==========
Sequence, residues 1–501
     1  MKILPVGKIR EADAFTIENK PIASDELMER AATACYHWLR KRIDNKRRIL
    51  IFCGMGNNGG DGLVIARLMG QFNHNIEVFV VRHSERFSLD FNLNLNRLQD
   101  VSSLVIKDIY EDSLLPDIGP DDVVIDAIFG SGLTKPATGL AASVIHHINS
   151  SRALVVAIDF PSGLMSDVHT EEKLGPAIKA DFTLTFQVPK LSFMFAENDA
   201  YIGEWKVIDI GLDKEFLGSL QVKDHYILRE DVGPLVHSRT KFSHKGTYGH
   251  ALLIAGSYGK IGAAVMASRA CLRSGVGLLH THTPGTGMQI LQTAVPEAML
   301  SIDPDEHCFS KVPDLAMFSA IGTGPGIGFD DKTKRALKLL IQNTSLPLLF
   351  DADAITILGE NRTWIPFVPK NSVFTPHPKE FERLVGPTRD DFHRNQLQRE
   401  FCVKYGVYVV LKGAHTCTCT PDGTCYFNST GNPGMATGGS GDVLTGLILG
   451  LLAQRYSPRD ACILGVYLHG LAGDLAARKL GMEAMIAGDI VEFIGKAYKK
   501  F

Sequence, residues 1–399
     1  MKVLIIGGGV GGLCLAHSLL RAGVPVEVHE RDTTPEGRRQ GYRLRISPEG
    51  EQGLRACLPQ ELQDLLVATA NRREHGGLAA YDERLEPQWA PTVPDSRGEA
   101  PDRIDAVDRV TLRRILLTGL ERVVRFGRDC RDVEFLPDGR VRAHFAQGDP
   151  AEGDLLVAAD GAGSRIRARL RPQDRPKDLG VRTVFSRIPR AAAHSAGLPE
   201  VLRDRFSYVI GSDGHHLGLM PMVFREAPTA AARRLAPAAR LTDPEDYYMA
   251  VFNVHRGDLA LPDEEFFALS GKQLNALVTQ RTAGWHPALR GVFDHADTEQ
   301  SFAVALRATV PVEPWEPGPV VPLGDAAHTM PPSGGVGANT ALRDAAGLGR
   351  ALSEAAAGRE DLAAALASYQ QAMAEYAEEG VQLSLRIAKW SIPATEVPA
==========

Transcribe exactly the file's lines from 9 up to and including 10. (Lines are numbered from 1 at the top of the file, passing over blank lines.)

   351  DADAITILGE NRTWIPFVPK NSVFTPHPKE FERLVGPTRD DFHRNQLQRE
   401  FCVKYGVYVV LKGAHTCTCT PDGTCYFNST GNPGMATGGS GDVLTGLILG